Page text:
Abstract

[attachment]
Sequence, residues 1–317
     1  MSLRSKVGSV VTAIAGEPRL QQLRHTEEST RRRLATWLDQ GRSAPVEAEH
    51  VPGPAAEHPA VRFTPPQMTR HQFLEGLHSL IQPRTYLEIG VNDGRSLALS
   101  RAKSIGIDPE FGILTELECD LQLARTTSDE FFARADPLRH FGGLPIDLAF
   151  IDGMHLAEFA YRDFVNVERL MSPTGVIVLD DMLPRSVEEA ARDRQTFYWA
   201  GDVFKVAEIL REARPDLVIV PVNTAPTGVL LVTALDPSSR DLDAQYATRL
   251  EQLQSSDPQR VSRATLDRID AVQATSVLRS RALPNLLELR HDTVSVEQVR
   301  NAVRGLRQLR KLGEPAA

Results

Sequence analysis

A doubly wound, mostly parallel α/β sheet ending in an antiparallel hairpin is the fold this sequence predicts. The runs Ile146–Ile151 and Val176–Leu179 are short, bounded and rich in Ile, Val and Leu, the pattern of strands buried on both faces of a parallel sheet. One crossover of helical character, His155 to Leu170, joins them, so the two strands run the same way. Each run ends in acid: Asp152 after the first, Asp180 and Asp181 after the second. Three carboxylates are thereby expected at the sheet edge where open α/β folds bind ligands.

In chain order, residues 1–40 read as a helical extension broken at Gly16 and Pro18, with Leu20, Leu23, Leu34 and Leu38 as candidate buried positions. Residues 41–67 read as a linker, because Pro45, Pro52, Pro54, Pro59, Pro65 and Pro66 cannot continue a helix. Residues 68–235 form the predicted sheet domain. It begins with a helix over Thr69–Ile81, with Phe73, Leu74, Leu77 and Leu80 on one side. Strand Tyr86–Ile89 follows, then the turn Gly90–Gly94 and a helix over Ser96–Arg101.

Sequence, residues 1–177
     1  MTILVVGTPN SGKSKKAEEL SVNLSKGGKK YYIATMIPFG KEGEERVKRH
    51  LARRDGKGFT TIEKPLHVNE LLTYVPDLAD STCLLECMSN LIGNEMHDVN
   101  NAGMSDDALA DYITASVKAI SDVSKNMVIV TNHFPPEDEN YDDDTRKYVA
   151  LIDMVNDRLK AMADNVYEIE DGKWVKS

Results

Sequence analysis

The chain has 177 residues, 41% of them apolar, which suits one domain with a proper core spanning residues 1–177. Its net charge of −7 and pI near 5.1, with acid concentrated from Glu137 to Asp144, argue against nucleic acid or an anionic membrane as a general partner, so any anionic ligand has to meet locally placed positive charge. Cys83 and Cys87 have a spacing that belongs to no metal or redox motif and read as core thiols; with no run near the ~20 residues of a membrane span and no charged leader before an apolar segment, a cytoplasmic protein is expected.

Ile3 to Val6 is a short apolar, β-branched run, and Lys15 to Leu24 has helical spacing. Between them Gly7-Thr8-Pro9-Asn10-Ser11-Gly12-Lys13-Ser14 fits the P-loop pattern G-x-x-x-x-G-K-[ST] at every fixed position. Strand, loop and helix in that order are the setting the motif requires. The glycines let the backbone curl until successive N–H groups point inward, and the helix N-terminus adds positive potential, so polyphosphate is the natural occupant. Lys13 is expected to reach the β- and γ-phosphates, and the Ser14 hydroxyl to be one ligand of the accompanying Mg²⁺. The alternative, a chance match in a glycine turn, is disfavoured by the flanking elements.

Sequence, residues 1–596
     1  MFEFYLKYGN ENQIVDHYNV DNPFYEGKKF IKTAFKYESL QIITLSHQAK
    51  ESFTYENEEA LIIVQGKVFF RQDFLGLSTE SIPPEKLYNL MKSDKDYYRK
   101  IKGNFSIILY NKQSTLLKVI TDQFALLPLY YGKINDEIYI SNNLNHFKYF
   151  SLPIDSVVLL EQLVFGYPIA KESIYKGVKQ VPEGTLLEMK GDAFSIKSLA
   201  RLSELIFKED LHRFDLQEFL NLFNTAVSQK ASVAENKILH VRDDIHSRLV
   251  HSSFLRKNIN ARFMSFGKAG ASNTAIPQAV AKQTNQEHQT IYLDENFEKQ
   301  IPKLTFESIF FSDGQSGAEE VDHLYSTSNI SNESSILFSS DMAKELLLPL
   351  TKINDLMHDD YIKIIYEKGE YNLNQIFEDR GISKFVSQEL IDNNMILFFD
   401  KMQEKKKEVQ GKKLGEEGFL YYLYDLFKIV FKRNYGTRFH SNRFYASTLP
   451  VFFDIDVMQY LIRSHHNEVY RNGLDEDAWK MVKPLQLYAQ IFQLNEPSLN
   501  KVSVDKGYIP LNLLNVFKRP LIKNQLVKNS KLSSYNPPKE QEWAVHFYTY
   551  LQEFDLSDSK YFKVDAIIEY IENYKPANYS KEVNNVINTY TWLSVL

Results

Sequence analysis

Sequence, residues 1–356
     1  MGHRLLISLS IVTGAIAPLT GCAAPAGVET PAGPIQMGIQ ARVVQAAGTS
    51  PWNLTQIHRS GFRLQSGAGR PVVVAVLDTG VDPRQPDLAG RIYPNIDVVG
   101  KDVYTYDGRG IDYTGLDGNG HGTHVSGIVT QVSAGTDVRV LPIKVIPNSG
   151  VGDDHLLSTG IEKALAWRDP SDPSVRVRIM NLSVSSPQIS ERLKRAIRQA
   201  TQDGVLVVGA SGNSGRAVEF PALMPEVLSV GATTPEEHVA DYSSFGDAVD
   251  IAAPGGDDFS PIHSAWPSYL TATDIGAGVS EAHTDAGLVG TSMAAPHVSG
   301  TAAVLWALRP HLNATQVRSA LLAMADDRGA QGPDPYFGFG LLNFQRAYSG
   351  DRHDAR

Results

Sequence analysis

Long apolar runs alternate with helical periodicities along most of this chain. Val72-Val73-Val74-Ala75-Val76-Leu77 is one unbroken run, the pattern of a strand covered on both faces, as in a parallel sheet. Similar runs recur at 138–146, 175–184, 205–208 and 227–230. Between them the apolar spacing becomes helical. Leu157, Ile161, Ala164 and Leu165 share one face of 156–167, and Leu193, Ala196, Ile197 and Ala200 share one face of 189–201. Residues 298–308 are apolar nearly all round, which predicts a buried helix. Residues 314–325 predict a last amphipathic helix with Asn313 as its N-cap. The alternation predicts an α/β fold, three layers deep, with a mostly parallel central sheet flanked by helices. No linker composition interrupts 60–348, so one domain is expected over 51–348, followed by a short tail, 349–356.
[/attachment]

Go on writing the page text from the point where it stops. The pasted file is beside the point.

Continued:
Launch systems development today is heading in two, seemingly divergent, directions. A first direction is towards bigger launchers, designed to carry more than 50 tons into low Earth orbit (LEO). On the other hand, there’s growing interest from government agencies and start-up companies alike in very small vehicles for dedicated launches of small satellites, vehicles that can place just a few hundred, or even a few dozen, kilograms into LEO. At the same time, space programs are starting to look into the possibility of using the existing turbines of rocket engines turbopumps working on classical fuels to work on alternative fuels. The desired characteristics of being a simple, lightweight, high specific work output, low mass flow rate turbine easily translate into supersonic turbines and outweigh the disadvantage of having low efficiency compared to subsonic turbines. Such a turbine needs proof of concept because, at small scales, the flow changes dramatically due to end wall losses which may cause the turbine to choke prematurely and combined with the effect of shock wave losses, characteristic to a supersonic flow, this effect can turn out to be critical. This paper presents a methodology to design such a turbine, taking into account the requirements derived from an application represented by a micro launcher with a maximum payload of 100 kg. As compared to the design of a classical turbine, this methodology is focused on geometrical limitations, to ensure the manufacturability of the turbine, as well as aerodynamic efficiency. The methodology was applied for obtaining the geometry of a turbine for the aforementioned application using a classical fuel as design point. 3D numerical simulations were computed for this geometry, and the efficiency of the turbine was obtained within 8% of the analytical data. To facilitate the use of different fuels, a simple and fast method was also developed for predicting the performance of a turbine of known geometry and performance for an initial working fluid when changing the nature of this working fluid. Benefiting from having the performance already estimated for another working fluid (the design fluid), the Mach numbers similarity criterion can be used to estimate the performance of the same geometry when changing the working fluid, as a known practice in the gas-turbine field. The Mach number appears as a scaling parameter in many of the equations for compressible flows, shock waves, and expansions. Not only is it suited for similarity of a classical turbine, it is also appropriate for a supersonic turbine, due to the fact the conditions behind shock waves are only dependent on the Mach number and the fluid’s properties. Using this method, the performance of the designed turbine was computed for a completely different working fluid than the design one. The largest difference in power output generated by changing the working fluid is of 170%. A new set of numerical simulations was done, and the results confirmed the validity of the method by obtaining a value of the power output within 6.5% for four other working fluids.

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